Research indicates that the facilitator is the source of the messages obtained through FC (involving ideomotor effect guidance of the arm of the patient by the facilitator)(Lilienfeld; et al. (26 February 2015). “Why debunked autism treatment fads persist”. Science Daily. Emory University. Retrieved 10 November 2015.).

    Studies have consistently found that FC is unable to provide the correct response to even simple questions when the facilitator does not know the answers to the questions (e.g., showing the patient but not the facilitator an object) (Montee, B B; Miltenberger, R G; Wittrock, D; Watkins, N; Rheinberger, A; Stackhaus, J (1995). “An experimental analysis of facilitated communication”. Journal of Applied Behavior Analysis. 28 (2): 189–200. doi:10.1901/jaba.1995.28-189).

    In addition, in numerous cases disabled persons have been assumed by facilitators to be typing a coherent message while the patient’s eyes were closed or while they were looking away from or showing no particular interest in the letter board (Goldacre, Ben (5 December 2009). “Making contact with a helping hand”. The Guardian. Retrieved 10 November 2015).

    Facilitated communication has been called “the single most scientifically discredited intervention in all of developmental disabilities”(Wichert, Bill. “Professor found guilty of sexually assaulting disabled man”. Retrieved 4 October 2015.).

    There is a scientific consensus that facilitated communication is invalid and a pseudoscience, and its use is strongly discouraged by most speech and language disability professional organizations (Hemsley, Bronwyn; Bryant, Lucy; Schlosser, Ralf; Shane, Howard; Lang, Russell; Paul, Diane; Benajee, Meher; Ireland, Marie (2018). “Systematic review of facilitated communication 2014-2018 finds no new evidence that messages delivered using facilitated communication are authored by the person with the disability”. Autism and Developmental Language Impairments. 3: 1–8. doi:10.1177/2396941518821570. Retrieved 22 May 2019.).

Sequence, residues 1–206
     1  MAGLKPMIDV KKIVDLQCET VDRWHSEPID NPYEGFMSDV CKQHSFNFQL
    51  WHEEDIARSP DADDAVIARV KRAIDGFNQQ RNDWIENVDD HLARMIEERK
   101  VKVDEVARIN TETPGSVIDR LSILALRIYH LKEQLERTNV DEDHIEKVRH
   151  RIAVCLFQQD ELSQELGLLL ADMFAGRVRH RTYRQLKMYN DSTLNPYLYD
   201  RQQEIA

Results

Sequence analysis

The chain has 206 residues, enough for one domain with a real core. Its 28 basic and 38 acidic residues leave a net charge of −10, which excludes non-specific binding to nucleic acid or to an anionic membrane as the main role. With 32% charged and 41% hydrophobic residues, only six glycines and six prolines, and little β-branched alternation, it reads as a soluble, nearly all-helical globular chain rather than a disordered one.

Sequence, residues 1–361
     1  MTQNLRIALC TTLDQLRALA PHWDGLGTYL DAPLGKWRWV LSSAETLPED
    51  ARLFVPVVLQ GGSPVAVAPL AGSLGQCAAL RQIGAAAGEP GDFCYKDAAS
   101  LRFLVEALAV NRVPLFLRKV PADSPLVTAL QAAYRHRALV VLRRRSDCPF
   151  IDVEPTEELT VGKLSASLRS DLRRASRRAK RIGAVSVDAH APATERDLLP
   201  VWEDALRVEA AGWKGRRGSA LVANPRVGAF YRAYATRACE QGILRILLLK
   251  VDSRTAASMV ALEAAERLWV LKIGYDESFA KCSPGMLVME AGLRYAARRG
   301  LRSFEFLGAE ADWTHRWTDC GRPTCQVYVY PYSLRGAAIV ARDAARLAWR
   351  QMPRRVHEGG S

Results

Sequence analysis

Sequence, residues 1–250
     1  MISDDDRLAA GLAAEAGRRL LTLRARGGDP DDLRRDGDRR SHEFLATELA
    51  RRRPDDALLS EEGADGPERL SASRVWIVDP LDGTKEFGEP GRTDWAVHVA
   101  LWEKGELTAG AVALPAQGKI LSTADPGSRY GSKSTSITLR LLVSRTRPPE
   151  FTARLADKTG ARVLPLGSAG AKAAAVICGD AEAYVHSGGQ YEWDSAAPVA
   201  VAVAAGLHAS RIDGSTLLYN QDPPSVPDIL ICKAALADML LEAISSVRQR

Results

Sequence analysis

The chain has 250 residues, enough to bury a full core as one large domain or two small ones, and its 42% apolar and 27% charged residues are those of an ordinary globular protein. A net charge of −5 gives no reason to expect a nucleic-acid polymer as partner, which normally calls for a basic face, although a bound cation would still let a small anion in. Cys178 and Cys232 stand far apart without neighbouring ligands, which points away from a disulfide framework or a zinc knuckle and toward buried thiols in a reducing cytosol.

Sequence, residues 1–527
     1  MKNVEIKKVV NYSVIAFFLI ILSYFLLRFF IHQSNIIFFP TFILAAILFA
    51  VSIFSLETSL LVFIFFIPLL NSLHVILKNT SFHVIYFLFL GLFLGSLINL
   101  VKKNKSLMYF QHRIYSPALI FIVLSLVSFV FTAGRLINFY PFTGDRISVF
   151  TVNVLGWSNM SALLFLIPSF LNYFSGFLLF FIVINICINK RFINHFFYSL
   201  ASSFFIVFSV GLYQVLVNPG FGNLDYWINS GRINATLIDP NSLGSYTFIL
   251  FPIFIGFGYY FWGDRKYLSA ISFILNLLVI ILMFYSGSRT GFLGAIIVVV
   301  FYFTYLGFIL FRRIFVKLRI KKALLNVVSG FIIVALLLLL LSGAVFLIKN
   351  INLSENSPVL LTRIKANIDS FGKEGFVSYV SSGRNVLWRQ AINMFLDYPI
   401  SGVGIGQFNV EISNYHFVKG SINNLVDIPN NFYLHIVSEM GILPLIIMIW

• Just because someone struggles with verbal communication has no bearing on their intellectual capacity. In other words, nonverbal doesn’t equal stupid. If you live with autism, then you know this. The rest of you “skeptics” need to stop insisting you know best. Because in my experience, you don’t.

    If you haven’t seen RPM (and David Max, it’s RPM, not RP, which given your so-called expertise, you should know) in person, then you really shouldn’t be commenting on it at all. Critiquing a therapy you’ve never witnessed in person is like critiquing art you never saw. I know a 15 year old with autism, barely verbal, who has written 5 books. Five!! First one when he was 12. He spells everything one letter at a time. No one writes (or spells) anything for him. His mom records what he spells. He’s submitted poems to a Teen Poet contest and won, competing against non-disabled teens. He does calculus too. In his head. Always gets the correct answer. Those of you who insist on being skeptical need to ask yourself why you find it so hard to believe that an autistic individual could do these things. Because you are the people holding these kids back.

    If you can’t embrace non-traditional methods of communication, then do the autism community a favor and keep quiet. No one needs your skepticism and doubt, least of all the nonverbal individuals trying to make their voices heard over your negative racket.

  • Trish,
    Thank you so much for your scholarly references. Research can further knowledge using rational thought, keeping the emotional responses (which we all have) in perspective.